November 17, 2001
It's inevitable that as time passes some of the artists we liked in a particular moment can become punchlines to jokes about that time period. A band like A Flock of Seagulls, for example, who had some really excellent songs in the early 80s, at some point became shorthand for new wave weirdness, due in no small part to the haircut the lead singer sported in their video. But then their run lasted just a couple of years.
Then there's Nickelback, indisputably one of the most successful bands of the 2000s. When they rose to prominence, they became poster children for a genre that could make even the most passive of music fans roll their eyes: post-grunge. There had been post-grunge bands before Nickelback, and some of them had decent commercial success, but they all seemed to exist in an uncanny valley that rubbed a lot of people the wrong way.
But even though many music fans can write off Nickelback as a one-note joke that got shoved down everyone's throats in the 2000s, I still can't deny the song that sent them into the stratosphere. "How You Remind Me" is an intense, moody jam that has a soft spot in my heart to this day.
Chad Turton was born in Hanna, Alberta in 1974. His father abandoned the family when he was two, and he eventually took his mother's surname, Kroeger. In the 90s, he formed a cover band called Village Idiot with his brother, Mike, and Ryan Peake. Village Idiot would soon become Nickelback, and the band soon recorded a demo EP with money loaned from Kroeger's stepdad.
(The band's Wikipedia page states that some of that money was used by Kroeger to buy magic mushrooms that he could resell, a fact which Kroeger confirmed in an interview where the band debunks claims on said Wikipedia page. Apparently there are some things you can't make up on Wikipedia.)
Nickelback recorded and released their debut album Curb in 1996, followed by The State in 1998. The albums slowly got the band some traction in their native Canada, and EMI Canada re-released The State in 1999. The band toured hard behind the record and, eventually, Roadrunner Records, a label known mostly for heavy metal bands to that point, signed the group and released the album in the United States. A few singles from The State would gain airplay on rock radio in the U.S., with the singles "Leader of Men" and "Breathe" each peaking at #21 on Billboard's Modern Rock chart and reaching the top 10 on the Mainstream Rock chart.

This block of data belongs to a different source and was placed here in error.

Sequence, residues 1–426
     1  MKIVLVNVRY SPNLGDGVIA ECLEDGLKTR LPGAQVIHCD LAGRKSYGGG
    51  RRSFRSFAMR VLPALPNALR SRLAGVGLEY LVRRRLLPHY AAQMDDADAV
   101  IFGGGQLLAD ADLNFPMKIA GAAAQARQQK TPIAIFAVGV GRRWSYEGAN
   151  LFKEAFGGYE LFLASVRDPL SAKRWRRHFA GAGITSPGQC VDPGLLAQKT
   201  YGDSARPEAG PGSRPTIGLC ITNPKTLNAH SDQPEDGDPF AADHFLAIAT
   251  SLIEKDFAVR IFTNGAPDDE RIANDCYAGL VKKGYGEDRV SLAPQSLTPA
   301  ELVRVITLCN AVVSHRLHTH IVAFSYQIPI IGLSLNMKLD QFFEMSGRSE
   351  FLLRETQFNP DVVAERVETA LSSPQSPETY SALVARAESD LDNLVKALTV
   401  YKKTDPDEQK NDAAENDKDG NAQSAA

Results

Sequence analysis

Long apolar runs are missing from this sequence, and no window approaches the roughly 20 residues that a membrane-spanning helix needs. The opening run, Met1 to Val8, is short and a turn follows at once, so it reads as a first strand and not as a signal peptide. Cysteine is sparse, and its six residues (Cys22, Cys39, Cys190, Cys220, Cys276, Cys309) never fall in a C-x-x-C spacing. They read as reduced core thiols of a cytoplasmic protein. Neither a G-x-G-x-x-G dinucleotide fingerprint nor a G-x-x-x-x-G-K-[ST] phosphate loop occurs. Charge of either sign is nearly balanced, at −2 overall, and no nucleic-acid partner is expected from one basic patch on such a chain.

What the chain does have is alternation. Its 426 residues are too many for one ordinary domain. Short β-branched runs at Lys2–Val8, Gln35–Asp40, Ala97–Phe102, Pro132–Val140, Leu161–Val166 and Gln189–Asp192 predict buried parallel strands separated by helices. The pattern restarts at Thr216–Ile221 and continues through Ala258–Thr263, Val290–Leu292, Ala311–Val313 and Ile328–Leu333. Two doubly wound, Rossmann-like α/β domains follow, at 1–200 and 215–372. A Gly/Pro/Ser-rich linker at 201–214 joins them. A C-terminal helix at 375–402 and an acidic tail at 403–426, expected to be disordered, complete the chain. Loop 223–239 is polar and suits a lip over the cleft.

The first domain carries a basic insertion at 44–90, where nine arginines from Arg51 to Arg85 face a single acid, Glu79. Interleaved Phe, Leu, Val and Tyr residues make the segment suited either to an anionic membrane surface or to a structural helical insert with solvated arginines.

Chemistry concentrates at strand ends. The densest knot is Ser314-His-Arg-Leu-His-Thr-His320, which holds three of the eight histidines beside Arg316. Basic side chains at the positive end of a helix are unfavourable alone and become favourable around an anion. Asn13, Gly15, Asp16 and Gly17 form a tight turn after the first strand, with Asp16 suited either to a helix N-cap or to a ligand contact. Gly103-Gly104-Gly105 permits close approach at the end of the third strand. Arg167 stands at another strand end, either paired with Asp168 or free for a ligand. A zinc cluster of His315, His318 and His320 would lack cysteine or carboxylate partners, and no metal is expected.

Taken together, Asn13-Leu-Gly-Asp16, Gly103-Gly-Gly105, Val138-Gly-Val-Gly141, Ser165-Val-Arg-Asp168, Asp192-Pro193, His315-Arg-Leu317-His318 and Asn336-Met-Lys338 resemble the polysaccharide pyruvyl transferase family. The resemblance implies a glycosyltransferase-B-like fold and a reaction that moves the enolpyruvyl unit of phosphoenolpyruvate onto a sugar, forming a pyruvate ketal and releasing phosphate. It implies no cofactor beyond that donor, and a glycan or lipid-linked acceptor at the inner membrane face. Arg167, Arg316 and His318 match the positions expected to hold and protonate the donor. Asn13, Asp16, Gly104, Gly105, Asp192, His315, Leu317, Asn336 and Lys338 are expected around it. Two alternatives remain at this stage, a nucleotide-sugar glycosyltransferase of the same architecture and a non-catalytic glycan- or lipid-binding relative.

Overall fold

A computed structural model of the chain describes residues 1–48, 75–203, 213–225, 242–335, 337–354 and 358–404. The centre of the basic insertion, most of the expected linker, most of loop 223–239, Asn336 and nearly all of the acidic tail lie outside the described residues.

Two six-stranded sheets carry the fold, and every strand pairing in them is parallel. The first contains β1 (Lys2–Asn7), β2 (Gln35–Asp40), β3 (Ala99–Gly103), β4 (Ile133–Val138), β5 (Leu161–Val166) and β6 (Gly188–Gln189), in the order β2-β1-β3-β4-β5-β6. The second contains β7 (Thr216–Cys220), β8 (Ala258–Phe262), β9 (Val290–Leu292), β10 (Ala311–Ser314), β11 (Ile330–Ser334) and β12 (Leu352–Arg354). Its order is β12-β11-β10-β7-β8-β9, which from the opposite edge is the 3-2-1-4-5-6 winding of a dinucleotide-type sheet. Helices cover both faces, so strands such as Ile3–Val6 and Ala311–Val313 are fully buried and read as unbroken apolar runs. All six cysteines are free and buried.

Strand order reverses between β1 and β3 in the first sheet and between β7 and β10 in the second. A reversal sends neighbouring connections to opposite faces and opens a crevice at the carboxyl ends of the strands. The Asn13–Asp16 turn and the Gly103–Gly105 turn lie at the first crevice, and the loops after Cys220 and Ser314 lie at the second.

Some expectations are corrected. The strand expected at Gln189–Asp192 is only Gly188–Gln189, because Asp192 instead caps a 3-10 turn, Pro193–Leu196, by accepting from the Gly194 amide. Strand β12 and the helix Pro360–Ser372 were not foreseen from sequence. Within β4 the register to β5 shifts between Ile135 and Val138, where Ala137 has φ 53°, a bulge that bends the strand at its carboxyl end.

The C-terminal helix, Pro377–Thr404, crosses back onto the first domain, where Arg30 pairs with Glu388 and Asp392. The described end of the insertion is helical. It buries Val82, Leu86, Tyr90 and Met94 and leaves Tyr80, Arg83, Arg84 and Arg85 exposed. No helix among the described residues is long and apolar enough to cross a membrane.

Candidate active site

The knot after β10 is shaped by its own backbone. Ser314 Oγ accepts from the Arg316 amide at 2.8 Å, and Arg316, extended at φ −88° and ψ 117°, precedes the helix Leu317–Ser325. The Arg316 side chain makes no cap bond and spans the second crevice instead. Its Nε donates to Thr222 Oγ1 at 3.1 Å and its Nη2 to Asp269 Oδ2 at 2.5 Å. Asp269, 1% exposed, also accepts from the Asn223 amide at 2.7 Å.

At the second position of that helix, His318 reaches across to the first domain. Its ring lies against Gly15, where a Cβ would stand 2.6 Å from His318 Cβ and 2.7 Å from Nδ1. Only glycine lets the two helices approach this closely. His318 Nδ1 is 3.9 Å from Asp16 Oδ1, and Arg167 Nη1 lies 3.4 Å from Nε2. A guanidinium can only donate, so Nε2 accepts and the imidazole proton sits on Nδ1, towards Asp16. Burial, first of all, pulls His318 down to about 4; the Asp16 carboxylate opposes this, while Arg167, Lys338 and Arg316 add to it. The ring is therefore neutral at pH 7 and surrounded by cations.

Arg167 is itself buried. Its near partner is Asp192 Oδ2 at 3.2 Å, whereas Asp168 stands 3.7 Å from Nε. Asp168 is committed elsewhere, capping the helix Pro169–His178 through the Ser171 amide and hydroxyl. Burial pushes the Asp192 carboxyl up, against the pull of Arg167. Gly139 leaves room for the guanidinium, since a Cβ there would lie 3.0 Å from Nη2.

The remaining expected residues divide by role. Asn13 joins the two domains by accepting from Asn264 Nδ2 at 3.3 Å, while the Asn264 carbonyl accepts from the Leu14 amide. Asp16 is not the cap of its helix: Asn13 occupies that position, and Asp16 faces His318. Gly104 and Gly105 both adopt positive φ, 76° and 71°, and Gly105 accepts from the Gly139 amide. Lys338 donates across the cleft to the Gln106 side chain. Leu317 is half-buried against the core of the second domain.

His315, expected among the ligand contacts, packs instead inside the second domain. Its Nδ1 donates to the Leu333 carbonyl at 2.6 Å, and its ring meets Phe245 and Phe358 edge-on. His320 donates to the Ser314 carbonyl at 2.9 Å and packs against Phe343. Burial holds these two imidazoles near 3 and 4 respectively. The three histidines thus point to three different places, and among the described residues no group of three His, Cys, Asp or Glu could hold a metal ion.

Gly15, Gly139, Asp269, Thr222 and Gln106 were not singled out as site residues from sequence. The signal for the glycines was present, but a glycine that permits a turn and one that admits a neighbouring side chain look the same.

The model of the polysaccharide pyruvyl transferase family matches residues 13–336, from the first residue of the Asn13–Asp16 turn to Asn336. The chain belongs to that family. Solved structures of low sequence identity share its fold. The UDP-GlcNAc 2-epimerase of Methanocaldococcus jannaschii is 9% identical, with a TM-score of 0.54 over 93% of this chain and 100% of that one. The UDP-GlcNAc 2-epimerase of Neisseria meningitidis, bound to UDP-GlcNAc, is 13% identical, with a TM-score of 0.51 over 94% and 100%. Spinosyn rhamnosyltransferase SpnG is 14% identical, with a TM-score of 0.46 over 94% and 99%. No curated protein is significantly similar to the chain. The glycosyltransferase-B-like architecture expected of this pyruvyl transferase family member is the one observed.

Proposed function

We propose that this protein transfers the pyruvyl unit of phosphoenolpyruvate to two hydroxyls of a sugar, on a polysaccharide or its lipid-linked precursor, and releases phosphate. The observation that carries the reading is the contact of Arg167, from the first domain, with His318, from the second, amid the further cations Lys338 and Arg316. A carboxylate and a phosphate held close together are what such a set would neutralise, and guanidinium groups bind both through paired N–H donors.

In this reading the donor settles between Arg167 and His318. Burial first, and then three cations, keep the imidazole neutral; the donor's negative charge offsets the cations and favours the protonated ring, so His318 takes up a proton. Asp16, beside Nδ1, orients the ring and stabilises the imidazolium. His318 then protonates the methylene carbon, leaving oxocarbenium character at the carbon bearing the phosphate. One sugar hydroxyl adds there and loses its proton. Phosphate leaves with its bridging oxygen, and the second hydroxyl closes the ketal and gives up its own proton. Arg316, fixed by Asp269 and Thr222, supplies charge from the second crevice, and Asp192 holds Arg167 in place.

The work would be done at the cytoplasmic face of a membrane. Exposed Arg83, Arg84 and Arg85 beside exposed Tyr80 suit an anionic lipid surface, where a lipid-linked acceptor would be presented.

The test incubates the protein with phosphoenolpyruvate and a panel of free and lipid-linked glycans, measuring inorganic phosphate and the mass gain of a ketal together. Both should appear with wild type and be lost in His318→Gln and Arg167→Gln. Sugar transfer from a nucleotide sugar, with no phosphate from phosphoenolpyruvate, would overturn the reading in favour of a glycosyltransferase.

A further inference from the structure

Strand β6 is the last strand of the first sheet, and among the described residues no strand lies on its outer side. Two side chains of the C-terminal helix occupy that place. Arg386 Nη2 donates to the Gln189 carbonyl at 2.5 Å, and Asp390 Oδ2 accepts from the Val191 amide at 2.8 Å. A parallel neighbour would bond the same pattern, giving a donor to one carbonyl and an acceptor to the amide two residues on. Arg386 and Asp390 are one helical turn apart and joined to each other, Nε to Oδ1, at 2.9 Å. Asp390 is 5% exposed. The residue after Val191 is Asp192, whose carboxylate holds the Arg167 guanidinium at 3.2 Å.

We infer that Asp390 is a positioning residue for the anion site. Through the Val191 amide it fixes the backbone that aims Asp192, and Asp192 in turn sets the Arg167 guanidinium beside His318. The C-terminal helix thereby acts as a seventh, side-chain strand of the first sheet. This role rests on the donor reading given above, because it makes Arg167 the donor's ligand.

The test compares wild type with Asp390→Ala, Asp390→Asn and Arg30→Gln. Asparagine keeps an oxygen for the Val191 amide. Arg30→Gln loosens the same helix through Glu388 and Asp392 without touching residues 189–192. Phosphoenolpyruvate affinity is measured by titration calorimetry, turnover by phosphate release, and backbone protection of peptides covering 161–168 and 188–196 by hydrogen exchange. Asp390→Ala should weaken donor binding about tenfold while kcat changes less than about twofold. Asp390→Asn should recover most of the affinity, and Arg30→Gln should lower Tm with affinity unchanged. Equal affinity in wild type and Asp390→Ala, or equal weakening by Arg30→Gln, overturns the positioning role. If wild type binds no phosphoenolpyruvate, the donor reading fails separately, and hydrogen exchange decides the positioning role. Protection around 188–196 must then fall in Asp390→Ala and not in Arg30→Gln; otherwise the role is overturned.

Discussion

The band had already written several of the songs that would appear on their third album, Silver Side Up, when the time came to record the album in early 2001. "How You Remind Me" was inspired by an argument Kroeger had with his girlfriend. Kroeger starting singing a version of the song as a way to communicate his frustrations with her. But instead of getting his side of the argument, she encouraged him to keep working on the song.
Kroeger claims the song was never supposed to be vengeful. The lyrics read like the feelings one has after an argument that in the moment feels like the end of the world, but in reality probably gets forgotten after a few hours. "It's not like you to say sorry/I was waitin' on a different story". It feels like Kroeger is internalizing whatever caused the argument rather than placing the blame on his partner. He seems to realize that all his faults must have put a strain on her: "And it must have been so bad/'Cause livin' with me must have damn near killed you".
Kroeger says the entire song was written in under an hour. But it's the recording that really gives the song its impact. The song builds up like a pressure cooker. While the guitar hooks made a lot of people want to keep hearing the song, the most memorable moment for me comes near the end when the instruments break just before Kroeger sings "for handing you a heart worth breaking". While this time was a high point for macho aggression in rock music, the aggression in "How You Remind Me" feels more organic and focused, which is probably what enabled it to cross over to pop radio.
In the video, Kroeger seems haunted by visions of his partner in his apartment and on the street. When she appears, the tones in the video are warm and bright, but when she leaves, they get cold and blue. Eventually we see her in a club where the band is playing, only for her to be left alone at the end, as if to imply that he's gotten over their relationship. The video is slickly filmed and easily captured my attention when I saw it on MuchMusic or MTV2.